Wall Street ended lower on Thursday, retreating from record closing highs, in a broad sell-off driven by uncertainties surrounding the pace of the global economic recovery.
As the bond market rallied on a flight to safety, all three major U.S. stock indexes turned sharply lower, with economically sensitive transports down the most. The TSX followed in Wall Street’s path, although the oil price bounced from early lows, providing some support to the energy sector. Still, the S&P/TSX Composite Index logged its worst day since February, losing 1.13%.
“We’re still effectively at all-time highs, so I wouldn’t read much into today’s market action,” said Oliver Pursche, senior vice president at Wealthspire Advisors, in New York.
“The bond market is reflecting that the probability of there being material inflation over a long period of time is very unlikely, and that’s the fear that had been driving yields higher” before the recent rally, Pursche added.
“We’re in a goldilocks scenario, with enough growth to support the economy but not so much that the Fed changes policy beyond what they’ve already announced,” Pursche said.
On Wednesday, the U.S. Federal Reserve released minutes from its latest monetary policy meeting, which showed the central bank does not yet believe the economy has fully recovered, yet a debate on tightening policy has begun in earnest.
The Canadian benchmark stock index closed down 229.39 points, or 1.13%, at 20,061.21. It traded as low as 19,980.32 during the session.
Financials were down 1.4%, the sector’s worst day since January, and had been down about 2% in intraday trading. While off early morning lows, the energy sector still closed down 0.45%.
TSX consumer staples rose 1%, but industrials, materials, and tech also suffered losses of more than 1%.
Canadian Pacific Railway was a noteable decliner, falling 5.7% even as Canadian National Railway was close to unchanged.
The Wall Street Journal quoted an unnamed source Thursday as saying the Biden administration will push regulators to confront consolidation and perceived anticompetitive pricing in the ocean shipping and railroad industries as part of a broad effort to blunt the power of big business to dominate industries.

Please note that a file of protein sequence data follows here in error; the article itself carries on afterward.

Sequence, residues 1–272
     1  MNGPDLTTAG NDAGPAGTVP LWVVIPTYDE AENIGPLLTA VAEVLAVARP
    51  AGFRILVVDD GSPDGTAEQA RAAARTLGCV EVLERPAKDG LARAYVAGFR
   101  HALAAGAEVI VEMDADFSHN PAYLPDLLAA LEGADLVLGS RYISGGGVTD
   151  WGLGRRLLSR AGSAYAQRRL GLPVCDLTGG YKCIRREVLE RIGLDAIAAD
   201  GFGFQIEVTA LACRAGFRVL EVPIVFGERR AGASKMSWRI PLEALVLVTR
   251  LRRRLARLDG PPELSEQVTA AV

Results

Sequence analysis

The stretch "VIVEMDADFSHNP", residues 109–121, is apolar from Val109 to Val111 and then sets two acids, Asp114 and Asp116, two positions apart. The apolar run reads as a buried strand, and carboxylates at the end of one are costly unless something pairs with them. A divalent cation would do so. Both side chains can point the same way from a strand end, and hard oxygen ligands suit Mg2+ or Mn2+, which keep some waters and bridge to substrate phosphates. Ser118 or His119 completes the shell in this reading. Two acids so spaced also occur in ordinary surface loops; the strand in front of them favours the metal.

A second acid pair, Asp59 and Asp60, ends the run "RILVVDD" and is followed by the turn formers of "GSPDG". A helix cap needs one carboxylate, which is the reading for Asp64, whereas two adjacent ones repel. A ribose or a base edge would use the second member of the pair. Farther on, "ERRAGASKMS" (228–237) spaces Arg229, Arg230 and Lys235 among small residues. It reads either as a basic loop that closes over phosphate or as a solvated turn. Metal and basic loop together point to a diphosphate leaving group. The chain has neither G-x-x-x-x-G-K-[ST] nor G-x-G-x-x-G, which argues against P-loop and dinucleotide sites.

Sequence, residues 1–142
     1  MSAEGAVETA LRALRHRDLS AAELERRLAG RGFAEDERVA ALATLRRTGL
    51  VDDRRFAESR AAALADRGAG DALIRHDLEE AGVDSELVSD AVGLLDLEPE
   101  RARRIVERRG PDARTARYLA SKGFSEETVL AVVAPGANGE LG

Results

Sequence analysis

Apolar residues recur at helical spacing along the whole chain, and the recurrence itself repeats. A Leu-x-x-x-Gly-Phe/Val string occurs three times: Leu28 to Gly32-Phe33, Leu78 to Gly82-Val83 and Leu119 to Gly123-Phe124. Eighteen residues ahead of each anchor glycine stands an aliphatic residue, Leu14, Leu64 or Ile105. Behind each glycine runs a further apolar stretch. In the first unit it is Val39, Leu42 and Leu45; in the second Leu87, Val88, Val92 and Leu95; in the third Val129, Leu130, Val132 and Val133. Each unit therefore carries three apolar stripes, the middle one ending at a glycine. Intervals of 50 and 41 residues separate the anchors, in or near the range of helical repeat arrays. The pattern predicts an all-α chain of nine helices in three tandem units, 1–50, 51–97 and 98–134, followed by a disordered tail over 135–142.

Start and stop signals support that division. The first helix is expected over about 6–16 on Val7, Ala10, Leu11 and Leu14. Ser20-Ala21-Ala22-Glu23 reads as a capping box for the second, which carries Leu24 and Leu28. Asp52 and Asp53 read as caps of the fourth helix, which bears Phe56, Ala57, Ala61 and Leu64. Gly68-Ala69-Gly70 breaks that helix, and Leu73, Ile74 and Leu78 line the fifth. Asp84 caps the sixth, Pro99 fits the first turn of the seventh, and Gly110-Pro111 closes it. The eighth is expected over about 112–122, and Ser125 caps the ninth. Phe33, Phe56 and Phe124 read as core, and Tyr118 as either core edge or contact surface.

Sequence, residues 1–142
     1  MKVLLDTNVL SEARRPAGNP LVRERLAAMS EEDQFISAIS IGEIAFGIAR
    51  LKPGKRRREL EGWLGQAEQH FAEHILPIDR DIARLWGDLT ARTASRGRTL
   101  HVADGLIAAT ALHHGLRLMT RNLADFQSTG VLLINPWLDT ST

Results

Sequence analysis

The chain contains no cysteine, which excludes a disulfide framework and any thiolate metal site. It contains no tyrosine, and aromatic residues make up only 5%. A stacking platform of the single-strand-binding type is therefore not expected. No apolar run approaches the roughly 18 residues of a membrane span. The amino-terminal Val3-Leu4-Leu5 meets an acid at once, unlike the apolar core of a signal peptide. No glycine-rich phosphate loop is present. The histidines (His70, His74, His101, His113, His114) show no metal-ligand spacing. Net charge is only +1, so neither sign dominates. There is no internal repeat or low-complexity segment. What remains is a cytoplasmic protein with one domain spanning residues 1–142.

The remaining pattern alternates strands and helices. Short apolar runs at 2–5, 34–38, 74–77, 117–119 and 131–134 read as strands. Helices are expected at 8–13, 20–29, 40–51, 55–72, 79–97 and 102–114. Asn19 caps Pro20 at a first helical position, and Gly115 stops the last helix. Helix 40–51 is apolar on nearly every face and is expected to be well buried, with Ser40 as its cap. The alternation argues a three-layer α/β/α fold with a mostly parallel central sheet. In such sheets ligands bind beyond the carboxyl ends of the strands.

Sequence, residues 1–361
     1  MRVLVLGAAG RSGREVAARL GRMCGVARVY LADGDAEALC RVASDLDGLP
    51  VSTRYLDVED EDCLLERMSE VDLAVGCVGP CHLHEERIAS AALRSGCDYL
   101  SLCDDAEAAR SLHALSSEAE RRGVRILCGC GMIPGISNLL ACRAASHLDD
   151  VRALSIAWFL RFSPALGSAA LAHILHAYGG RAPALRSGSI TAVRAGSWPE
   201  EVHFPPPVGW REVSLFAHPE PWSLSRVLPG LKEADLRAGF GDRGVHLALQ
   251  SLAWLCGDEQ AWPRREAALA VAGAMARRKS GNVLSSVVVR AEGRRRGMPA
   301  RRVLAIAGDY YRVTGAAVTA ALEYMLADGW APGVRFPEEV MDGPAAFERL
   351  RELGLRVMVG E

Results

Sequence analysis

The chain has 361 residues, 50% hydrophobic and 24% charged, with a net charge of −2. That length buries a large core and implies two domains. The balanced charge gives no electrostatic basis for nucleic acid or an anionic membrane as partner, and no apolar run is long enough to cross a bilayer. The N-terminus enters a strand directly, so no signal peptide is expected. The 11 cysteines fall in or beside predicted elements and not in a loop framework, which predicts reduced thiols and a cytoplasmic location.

The administration, in a sweeping executive order expected this week, will ask the Federal Maritime Commission and the Surface Transportation Board to combat what it calls a pattern of consolidation and aggressive pricing that has made it onerously expensive for American companies to transport goods to market, the Journal reported.
Kansas City Southern shares tumbled 7.73% on that news. Its shareholders will vote on the US$33.6-billion takeover offer from Canadian National Railway next month.
Unofficially, the Dow Jones Industrial Average fell 256.34 points, or 0.74%, to 34,425.45, the S&P 500 lost 36.09 points, or 0.83%, to 4,322.04 and the Nasdaq Composite dropped 101.36 points, or 0.69%, to 14,563.71.
Sensing cracks in the U.S. economic recovery, traders covered short positions in the bond market. The yield of the benchmark 10-year U.S. Treasury note fell for the eighth consecutive session.
The number of U.S. workers filing first-time applications for unemployment benefits unexpectedly ticked up to 373,000 last week, a sign that the U.S. labor market recovery remains choppy.
A closely watched part of the U.S. Treasury yield curve measuring the gap between yields on two- and 10-year Treasury notes, seen as an indicator of economic expectations, was at 108.9 basis points after flattening to as small as 104.2, the most narrow since Feb. 12.
“There is a little bit of a preoccupation on the employment front where the market is questioning if the Fed will be able to make further progress on employment in order to meet its mandate before tapering asset purchases,” said Subadra Rajappa, head of U.S. rates strategy at Societe Generale In New York.